What got you interested in becoming a web designer?. I was never really interested in becoming a web designer. In fact, I used to despise the internet whilst I was at art college(1995-2000), I found it crude and overly ‘techy’. However at the time of moving on from education into employment I had a very good opportunity to work with a leading web design agency so I took it as a challenge to bring some of the values I appreciated from Print design to the screen. How many years have you been building websites? I have been in the industry for 11 years (not including education) but I focus on the design and architecture side of a website rather than build. I work with two very talented developers who ‘build’ our sites. Do you prefer to work alone or on a team? I prefer working in a team as everyone can have their specialism rather than being a jack off all trades, master of none. At Yammayap we have a very distinct split between design and development, both parties constantly challenging each other to design and build in different ways to meet the needs of any given project.

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What industry sites and blogs do you read regularly? I read a large range, from design focused blogs, to more technical ones so that I have a good broad knowledge-base. http://www.underconsideration.com/brandnew/ http://www.logodesignlove.com/ http://sixrevisions.com/ http://www.smashingmagazine.com/ http://idnproshop.com/ What are a few of your favorite development tools and why? Hard one to answer for me as Im not a developer. The Web inspector is surprisingly useful in Safari and I know our developers use and rave about ‘Coda’ for OSX. What is the largest project you have worked on and why? Our biggest client is Woods’ Silver Fleet (www.silverlfeet.co.uk) who are based in London and charter luxury super yachts on the Thames for private parties and events. Not only is their site the largest in terms of number of pages, bespoke designs and content management, but we have a very good working relationship with them which has seen us add features nd functionality to the site time and time again over the 5 year relationship.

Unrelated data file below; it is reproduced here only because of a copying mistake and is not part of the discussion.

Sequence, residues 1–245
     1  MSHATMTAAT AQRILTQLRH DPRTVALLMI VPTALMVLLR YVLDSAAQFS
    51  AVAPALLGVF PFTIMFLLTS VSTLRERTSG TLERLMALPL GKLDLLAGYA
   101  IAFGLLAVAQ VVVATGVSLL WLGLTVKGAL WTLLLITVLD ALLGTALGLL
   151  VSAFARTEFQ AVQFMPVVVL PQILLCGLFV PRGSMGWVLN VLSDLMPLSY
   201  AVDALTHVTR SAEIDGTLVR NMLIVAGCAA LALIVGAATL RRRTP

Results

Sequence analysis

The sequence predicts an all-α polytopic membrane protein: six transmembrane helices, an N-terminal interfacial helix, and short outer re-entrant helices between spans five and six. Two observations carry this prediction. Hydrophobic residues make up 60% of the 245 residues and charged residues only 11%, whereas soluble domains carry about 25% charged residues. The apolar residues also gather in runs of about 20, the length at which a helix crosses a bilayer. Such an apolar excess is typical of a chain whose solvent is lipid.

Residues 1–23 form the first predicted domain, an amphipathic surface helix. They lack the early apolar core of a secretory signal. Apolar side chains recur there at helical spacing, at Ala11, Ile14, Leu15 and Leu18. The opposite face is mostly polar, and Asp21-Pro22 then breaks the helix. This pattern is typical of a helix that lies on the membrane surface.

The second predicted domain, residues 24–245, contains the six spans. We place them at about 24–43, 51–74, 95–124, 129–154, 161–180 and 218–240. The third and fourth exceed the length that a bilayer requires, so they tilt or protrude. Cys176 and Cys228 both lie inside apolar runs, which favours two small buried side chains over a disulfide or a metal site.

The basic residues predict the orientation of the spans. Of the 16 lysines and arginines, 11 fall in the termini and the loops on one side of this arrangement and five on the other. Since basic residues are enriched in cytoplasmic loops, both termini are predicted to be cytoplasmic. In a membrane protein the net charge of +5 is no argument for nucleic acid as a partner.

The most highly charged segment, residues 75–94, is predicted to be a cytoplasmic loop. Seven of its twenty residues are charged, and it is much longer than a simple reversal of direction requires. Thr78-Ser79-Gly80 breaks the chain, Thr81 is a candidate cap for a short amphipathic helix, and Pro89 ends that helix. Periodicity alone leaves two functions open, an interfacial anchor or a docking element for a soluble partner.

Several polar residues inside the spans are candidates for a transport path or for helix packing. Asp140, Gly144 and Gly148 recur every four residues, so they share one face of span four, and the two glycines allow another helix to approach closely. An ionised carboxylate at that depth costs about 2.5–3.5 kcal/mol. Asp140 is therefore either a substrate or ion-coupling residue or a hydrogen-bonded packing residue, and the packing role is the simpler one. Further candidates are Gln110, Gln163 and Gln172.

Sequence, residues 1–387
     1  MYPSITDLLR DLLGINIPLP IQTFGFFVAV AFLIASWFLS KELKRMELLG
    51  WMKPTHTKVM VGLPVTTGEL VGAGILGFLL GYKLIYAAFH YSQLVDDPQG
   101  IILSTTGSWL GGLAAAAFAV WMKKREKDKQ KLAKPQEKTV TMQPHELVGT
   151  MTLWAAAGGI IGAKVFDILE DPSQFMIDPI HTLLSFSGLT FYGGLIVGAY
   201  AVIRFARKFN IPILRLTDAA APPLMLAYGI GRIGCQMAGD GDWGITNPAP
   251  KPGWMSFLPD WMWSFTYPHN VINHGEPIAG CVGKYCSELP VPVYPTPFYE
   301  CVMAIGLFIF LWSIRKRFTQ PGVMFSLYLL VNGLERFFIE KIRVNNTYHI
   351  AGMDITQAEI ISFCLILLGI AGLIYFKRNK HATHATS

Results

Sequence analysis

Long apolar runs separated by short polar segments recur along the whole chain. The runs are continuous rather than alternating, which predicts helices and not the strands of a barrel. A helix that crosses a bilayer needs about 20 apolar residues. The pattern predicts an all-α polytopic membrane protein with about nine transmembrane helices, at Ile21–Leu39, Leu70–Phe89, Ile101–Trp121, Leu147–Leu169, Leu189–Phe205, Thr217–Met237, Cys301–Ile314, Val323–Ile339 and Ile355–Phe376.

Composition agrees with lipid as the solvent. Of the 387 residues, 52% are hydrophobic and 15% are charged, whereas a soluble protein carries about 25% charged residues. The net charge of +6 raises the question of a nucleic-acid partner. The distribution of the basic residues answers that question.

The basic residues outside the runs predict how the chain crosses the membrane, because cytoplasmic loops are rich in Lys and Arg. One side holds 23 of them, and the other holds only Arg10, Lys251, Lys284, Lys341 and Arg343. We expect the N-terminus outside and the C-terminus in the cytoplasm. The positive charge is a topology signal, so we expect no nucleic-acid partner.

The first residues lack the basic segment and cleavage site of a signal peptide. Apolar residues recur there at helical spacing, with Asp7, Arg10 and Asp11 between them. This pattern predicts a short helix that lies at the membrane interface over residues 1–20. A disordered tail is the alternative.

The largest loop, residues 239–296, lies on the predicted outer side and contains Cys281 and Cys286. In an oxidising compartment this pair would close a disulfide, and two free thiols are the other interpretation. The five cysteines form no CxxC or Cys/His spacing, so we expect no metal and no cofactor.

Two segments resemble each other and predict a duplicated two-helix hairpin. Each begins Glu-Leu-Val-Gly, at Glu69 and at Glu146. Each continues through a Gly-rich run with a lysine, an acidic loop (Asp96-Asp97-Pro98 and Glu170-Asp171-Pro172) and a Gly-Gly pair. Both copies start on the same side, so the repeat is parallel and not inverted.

What do you feel makes up a good website? Good and appropriate design language that helps signpost information. Anticipating the users needs, but not forcing something at them that is irrelevant. Touches of flair rather than an over gimmicky site (eg over use of flash and animation). What is the one tip that you would give to anyone trying to get into the industry? Have a passion and let that passion guide you. If you have an interest in it let that push you the extra mile, dont just do what is asked of you, offer bigger better solutions no matter how big or small. First impressions do count. The sheer number of useless job enquiries we get is frightening. Put some effort into your initial contact with a company, write a good letter, include your CV and examples of work... show that you have considered the company you are approaching rather than just shotgunned 100s of businesses.site (eg over use of flash and animation). http://www.kineticsolutions.co.uk/ http://www.modrus.com/

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Ricky Gane, a web designer working for Aylesworth Fleming, a company located in Bournemouth gave us some insightful information on what makes a good website and an interesting story about how he started off in the web design indiustry.

RICKY GANE

What got you interested in becoming a web designer? I started designing websites about 6 years ago when I bought a 1958 splitscreen camper from a guy in Throop. I bought the van as a complete wreck and needed storage for it so he agreed that I could keep it in his yard and work on it for a year. That year went by quickly with me carrying out a fair amount of work on the van but having a mountain of work still to do. I had a look at his website which was a single page document created in some basic website creation package and negotiated another years storage for updating his site. Many years and many site updates later and he is my oldest client and a good friend. I didn’t manage to finish the van and sold it on to another optimistic person looking for a project, I didn’t hear back from him if he ever finished it! How many years have you been building websites? About 6 years on and off. As it has all been in my spare time then progress has been a little slower than I would have liked.